It's sad that the reputation of the London Olympics is currently being shaped by its ticketing system. There is an overwhelming sense of disappointment and bafflement amongst so many on the process of applying for tickets. Checking online bank statements to see if you were successful, and if so, then the long wait for confirmation of which tickets you received (in my case, thankfully, Beach Volleyball and Rowing - although nothing actually in the Olympic Park itself). And now, to make matters worse for anyone unsuccessful in their initial application, when given a second chance, the ticket system appeared to crash spectacularly. The London Organising Committee of the Olympic Games LOCOG says the system didn't actually crash, but the reputational damage was already done this morning as "#olympictickets #fail" filled my Twitter feed.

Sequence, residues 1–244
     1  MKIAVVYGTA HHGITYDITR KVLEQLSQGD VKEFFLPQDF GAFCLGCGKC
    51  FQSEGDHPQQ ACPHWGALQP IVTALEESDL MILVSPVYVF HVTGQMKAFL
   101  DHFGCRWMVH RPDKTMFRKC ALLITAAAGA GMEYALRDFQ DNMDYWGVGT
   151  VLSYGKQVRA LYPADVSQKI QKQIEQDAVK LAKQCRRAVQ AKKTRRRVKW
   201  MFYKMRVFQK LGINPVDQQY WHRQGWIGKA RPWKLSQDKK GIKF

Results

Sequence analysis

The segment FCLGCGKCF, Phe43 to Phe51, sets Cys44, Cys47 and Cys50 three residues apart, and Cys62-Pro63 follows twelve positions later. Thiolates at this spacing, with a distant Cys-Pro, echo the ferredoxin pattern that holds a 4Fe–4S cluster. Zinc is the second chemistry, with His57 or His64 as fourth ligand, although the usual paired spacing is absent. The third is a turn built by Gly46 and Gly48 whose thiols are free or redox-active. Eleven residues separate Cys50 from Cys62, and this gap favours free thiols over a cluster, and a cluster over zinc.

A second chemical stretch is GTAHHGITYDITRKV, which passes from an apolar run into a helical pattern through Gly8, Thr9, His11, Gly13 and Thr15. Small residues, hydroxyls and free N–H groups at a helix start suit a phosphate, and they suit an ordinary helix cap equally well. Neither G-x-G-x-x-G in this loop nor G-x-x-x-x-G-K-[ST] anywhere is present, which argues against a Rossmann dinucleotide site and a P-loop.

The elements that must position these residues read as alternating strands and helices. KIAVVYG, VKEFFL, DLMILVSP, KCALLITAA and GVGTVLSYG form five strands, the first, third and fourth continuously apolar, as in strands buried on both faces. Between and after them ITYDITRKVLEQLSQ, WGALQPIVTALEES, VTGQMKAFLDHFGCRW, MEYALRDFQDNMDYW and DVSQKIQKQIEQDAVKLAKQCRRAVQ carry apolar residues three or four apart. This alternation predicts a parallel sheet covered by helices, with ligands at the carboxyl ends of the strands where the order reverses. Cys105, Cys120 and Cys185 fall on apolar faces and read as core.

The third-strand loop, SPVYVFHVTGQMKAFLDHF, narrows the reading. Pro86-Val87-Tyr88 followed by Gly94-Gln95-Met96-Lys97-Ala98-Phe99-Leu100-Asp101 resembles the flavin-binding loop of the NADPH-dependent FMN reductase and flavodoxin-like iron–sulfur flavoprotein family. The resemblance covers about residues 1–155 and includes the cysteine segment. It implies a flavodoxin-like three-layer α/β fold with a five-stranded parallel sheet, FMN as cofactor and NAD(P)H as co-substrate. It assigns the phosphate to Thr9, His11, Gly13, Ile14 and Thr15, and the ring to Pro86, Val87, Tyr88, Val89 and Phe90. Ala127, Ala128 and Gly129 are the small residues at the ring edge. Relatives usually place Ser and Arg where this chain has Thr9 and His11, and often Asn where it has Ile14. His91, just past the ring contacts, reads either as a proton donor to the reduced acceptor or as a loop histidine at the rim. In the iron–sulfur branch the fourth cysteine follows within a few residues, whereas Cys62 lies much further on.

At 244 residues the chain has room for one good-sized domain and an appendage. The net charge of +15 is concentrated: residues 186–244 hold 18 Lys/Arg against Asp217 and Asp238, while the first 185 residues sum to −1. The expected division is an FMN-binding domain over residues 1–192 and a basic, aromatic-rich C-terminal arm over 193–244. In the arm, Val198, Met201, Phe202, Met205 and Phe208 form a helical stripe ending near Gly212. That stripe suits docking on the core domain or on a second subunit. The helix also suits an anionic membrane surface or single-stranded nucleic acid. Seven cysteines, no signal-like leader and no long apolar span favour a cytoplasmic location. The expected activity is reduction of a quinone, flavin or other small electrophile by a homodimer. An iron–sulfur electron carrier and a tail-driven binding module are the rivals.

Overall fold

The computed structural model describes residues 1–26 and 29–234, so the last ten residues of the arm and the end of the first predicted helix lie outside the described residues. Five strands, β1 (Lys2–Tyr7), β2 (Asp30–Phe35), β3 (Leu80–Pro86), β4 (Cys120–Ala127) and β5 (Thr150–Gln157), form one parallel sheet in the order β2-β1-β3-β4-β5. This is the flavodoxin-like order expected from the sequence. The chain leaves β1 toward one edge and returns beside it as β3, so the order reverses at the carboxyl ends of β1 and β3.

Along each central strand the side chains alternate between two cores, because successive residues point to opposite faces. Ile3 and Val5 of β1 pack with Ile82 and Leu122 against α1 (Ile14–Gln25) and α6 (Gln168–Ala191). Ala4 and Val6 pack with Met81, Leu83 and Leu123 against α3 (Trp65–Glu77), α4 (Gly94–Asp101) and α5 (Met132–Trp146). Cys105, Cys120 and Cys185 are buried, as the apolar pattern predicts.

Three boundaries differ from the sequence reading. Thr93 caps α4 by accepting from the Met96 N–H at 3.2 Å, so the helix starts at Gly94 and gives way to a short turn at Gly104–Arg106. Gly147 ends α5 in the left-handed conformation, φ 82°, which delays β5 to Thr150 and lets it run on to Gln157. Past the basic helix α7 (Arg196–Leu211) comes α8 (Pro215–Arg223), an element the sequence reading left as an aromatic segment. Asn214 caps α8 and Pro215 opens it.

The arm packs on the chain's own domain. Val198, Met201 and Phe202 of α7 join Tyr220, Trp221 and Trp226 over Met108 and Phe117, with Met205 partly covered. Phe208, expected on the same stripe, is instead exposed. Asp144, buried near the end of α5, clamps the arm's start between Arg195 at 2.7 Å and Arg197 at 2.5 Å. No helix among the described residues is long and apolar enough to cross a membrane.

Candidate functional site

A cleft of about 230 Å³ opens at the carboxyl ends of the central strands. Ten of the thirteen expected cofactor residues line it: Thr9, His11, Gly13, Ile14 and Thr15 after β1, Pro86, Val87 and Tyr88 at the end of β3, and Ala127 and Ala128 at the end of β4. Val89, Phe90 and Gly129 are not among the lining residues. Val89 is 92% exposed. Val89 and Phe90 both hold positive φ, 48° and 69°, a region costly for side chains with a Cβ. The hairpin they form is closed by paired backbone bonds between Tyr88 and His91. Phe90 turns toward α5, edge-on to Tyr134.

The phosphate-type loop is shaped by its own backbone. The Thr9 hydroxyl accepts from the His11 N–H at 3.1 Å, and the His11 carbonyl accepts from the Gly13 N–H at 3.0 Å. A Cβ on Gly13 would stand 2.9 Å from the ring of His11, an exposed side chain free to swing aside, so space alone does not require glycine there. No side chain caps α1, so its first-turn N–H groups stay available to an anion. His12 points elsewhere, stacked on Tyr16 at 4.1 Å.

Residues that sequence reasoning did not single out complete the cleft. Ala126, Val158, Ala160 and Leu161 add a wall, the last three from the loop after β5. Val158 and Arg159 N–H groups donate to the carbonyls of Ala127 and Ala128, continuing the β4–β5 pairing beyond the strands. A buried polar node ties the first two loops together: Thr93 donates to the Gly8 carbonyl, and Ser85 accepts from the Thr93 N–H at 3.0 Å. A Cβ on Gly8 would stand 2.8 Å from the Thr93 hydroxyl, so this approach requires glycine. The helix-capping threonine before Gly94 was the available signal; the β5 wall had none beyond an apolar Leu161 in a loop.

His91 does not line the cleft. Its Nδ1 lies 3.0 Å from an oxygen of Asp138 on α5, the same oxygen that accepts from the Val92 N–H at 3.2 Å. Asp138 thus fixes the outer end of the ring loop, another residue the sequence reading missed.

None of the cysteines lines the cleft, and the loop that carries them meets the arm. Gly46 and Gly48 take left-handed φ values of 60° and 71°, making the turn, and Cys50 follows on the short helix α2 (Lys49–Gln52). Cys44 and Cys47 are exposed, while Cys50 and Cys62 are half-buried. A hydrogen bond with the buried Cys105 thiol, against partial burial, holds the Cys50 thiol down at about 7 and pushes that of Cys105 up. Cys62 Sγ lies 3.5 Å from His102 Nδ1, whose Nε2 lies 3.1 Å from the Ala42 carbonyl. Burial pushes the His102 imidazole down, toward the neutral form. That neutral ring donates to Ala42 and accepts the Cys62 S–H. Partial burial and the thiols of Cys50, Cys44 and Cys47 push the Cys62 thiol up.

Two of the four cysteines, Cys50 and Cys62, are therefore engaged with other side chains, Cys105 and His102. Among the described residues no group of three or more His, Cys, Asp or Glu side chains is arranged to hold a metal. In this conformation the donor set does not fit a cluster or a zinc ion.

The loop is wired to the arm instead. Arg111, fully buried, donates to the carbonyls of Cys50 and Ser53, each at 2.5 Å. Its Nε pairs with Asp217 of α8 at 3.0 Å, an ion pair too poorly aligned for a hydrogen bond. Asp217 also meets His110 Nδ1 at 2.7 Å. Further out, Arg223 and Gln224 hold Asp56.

None of this will take away from what, I am sure, will be a phenomenal Olympic Games. But it is a significant dent in what had been pretty flawless execution by LOCOG so far. LOCOG has given an unforgiving public and media the opportunity to whip them and they'll need to work hard to rebuild positive sentiment to outweigh those who are rightly aggrieved by the process, however complex the task of selling tickets at this scale may be.
The upside is that any concerns over national cynicism towards the Olympics have been swept away through demonstration of enormous interest in the games at the ticketing stage. But this enormous interest also underlines the public's desire for London 2012 to be inclusive. LOCOG's challenge is to satisfy this demand for inclusiveness yet overcome the sense of disappointment over tickets.
We all think Heathrow Terminal 5 is great now, but for BAA and BA it was a disaster and national embarrassment when baggage handling failed on day one and it has taken time to rebuild reputation. LOCOG has a similar scale of challenge on its hands today.
Source: BBC News